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RIP Ralph McQuarrie, Star Wars Visionary

Geekdom lost an important figure over the weekend – Ralph McQuarrie died at the age of 82. Many people won't know the name, but they will undoubtedly know his work as a concept artist on everything from Close Encounters of the Third Kind and Cocoon to the original Battlestar Galactica. But what he will always be remembered for is his work on the original Star Wars trilogy. In fact, were it not for McQuarrie, Star Wars might never have existed at all.

George Lucas commissioned McQuarrie to create concept art based on scenes from an early draft of the Star Wars script, and Lucas used these visuals to help sell the film to 20th Century Fox. After the movie got the green light, McQuarrie stayed on to help develop the look of everything from iconic characters to vehicles to buildings and landscapes, and even worked on marketing materials, like posters and promotional artwork.

As a tribute to McQuarrie and his impressive body of work, we present a gallery of some of his concept and production art for Star Wars. I think you'll agree that his vision helped define a generation and quite possibly changed cinema forever.

Concept art for the scene when Darth Vader reveals to Luke that he's...well, you know.

Early concept art of Darth Vader and Luke Skywalker.

Early versions of R2-D2 and C3PO that helped convince 20th Century Fox to make Star Wars.

Early Snowspeeders take down an AT-AT while Snowtroopers run past.

Concept art of an AT-AT preparing to step on Luke Skywalker and his Snowspeeder.

The Ewoks carry their golden deity through the forest of Endor.

Production art for the cloud city of Bespin.

Stormtroopers carrying lightsabers and shields as they intercept our heroes on the Death Star.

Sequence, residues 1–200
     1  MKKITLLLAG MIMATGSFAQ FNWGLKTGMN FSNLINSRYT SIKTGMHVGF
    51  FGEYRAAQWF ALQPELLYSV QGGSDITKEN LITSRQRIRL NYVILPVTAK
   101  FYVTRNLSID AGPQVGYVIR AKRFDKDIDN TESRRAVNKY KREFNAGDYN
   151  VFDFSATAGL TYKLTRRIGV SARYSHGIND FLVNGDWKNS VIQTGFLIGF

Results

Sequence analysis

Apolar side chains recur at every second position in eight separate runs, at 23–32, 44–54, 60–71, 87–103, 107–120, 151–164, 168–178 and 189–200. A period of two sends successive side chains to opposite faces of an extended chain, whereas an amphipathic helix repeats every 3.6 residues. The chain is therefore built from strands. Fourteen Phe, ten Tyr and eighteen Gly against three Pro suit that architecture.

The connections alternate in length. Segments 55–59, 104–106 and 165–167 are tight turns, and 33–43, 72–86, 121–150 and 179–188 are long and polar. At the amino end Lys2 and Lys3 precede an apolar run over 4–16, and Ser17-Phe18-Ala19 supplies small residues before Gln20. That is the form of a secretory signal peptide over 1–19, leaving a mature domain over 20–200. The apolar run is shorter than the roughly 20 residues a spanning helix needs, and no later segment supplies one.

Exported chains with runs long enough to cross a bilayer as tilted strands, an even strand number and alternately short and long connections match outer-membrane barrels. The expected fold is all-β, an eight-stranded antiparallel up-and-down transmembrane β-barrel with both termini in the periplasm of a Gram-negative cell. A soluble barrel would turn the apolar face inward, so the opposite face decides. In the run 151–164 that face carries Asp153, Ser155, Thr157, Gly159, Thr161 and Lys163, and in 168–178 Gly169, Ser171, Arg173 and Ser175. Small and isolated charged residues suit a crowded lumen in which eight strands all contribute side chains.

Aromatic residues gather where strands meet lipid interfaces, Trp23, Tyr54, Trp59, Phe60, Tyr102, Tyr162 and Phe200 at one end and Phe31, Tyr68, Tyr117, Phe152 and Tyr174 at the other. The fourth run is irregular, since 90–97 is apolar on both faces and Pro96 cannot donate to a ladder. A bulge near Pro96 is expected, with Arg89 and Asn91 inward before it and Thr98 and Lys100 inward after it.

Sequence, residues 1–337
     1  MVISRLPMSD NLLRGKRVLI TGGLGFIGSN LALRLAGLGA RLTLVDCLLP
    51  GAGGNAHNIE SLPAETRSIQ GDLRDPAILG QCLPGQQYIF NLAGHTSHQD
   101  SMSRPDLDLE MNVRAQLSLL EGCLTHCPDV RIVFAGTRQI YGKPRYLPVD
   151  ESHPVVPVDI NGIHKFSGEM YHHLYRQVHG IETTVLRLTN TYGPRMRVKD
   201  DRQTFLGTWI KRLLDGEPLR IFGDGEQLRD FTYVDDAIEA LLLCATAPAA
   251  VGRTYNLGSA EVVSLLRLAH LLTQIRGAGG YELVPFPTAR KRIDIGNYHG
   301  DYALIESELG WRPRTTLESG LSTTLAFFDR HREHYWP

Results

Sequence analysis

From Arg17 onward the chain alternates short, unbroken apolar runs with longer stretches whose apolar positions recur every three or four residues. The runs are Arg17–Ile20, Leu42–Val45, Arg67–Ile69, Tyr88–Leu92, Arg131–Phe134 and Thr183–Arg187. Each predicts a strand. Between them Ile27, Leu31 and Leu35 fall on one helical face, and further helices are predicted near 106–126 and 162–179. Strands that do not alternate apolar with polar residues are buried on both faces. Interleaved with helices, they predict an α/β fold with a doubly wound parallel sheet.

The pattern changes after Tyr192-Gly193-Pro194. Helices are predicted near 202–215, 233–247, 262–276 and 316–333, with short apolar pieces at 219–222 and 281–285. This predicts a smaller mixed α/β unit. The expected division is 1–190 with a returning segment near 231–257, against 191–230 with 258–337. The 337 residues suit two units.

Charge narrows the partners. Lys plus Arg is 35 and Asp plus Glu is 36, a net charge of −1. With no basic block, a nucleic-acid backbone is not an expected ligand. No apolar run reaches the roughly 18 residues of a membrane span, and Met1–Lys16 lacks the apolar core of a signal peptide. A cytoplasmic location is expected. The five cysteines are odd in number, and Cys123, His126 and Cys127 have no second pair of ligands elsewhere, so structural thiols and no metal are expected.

An early concept for the Jawa Sandcrawler, as well as a Jawa settlement.

Production art of a squadron of B-Wings taking out a Star Destroyer.

Luke evading the Empire on his Speederbike on the forest moon of Endor.

A Tusken Raider gathering in the cold night of Tatooine.

Production art for Sy Snootles and the Max Rebo Band.

All images copyright Lucasfilm

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Stradivarius Violins Get Their Distinctive Sound By Mimicking the Human Voice
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Italian violinist Francesco Geminiani once wrote that a violin's tone should "rival the most perfect human voice." Nearly three centuries later, scientists have confirmed that some of the world's oldest violins do in fact mimic aspects of the human singing voice, a finding which scientists believe proves "the characteristic brilliance of Stradivari violins."

Using speech analysis software, scientists in Taiwan compared the sound produced by 15 antique instruments with recordings of 16 male and female vocalists singing English vowel sounds, The Guardian reports. They discovered that violins made by Andrea Amati and Antonio Stradivari, the pioneers of the instrument, produce similar "formant features" as the singers. The resonance frequencies were similar between Amati violins and bass and baritone singers, while the higher-frequency tones produced by Stradivari instruments were comparable to tenors and contraltos.

Andrea Amati, born in 1505, was the first known violin maker. His design was improved over 100 years later by Antonio Stradivari, whose instruments now sell for several million dollars. "Some Stradivari violins clearly possess female singing qualities, which may contribute to their perceived sweetness and brilliance," Hwan-Ching Tai, an author of the study, told The Guardian.

Their findings were published in the journal Proceedings of the National Academy of Sciences of the United States of America. A 2013 study by Dr. Joseph Nagyvary, a professor emeritus at Texas A&M University, also pointed to a link between the sounds produced by 250-year-old violins and those of a female soprano singer.

According to Vox, a blind test revealed that professional violinists couldn't reliably tell the difference between old violins like "Strads" and modern ones, with most even expressing a preference for the newer instruments. However, the value of these antique instruments can be chalked up to their rarity and history, and many violinists still swear by their exceptional quality.

[h/t The Guardian]

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